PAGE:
When millions of Christians around the world were celebrating Easter, the festival that symbolises hope, renewal, forgiveness and manifestation of God’s ultimate love for humankind, on Sunday, a series of devastating blasts tore through several sites, including three churches and three luxury hotels in Sri Lanka, killing more than 300 people and injuring hundreds of others. The auspicious and joyous occasion turned into a blood day filled with mourning. This barbaric act, which the Islamic State has claimed responsibility for without providing any evidence to back the claim, has not only left the people of Sri Lanka but also the whole world in shock and anger. The intent of the coordinated carnage has not being ascertained yet but it is clear that those behind the attacks were willing to take the lives of innocent people- children and adults, citizens of the country and foreigners alike. It was a challenge to all peace-loving nations, an attack on humanity. Several world leaders, including US President Donald Trump, Russian President Vladimir Putin, New Zealand Prime Minister Jacinda Ardern and Indian Prime Minister Narendra Modi have condemned the bombings. The shared goal for peace by world leaders gives hope for a better future but that is not enough with terror activities continuing to proliferate. The rise of attacks on places of worship in the last few months, like the shootings at Pittsburgh synagogue in the United States and Christchurch mosque in New Zealand has also indicated that religious radicalism could be growing. This calls for an urgent need to find possible ways to stop further loss of precious lives to terrorism.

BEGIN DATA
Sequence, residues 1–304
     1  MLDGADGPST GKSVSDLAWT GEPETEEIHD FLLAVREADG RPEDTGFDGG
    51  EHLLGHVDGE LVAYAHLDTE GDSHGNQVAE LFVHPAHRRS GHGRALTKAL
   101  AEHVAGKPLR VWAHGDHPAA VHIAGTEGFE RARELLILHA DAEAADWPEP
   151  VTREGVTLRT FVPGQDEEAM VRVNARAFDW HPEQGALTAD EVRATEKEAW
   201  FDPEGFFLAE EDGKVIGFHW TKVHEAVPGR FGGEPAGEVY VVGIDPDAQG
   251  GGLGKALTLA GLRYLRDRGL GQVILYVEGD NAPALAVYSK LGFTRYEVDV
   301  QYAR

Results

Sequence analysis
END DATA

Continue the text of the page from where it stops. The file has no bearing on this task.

In the case of the attacks in Sri Lanka, Health Minister Rajitha Senaratne had told media persons a day after the horrific blasts that international intelligence agencies (said to be from India) had warned the government of the island nation in early April on possible serial attacks. It is disturbing that the security agencies didn’t take the alert seriously. Prime Minister Ranil Wickremesinghe’s claim that he and his ministers were not aware of the warning is a matter of concern. While the administration has done a commendable job during aftermath of the incident by handling the situation calmly considering the pluralistic society, the possible lapse of communication among the country’s top brass should be investigated as a nation’s security can’t be compromised by political rivalry and individual discords. The attempt to end terrorism will be futile if leaders of a country don’t pay heed to valuable information shared by other nations. Terrorists’ evil designs can be thwarted only if all the countries around the world work together and share information on the plans of anti-social elements. Fanaticism of any kind should be checked and no country should be allowed to harbour enemies of humanity. And fight against this social menace requires collective responsibility. Amid the gloom, fear, pain and sense of insecurity that the Sri Lankan blasts created, there was glimpse of hope as the citizens of the country rushed to help the survivors of the incident. Easter’s HOPE lives.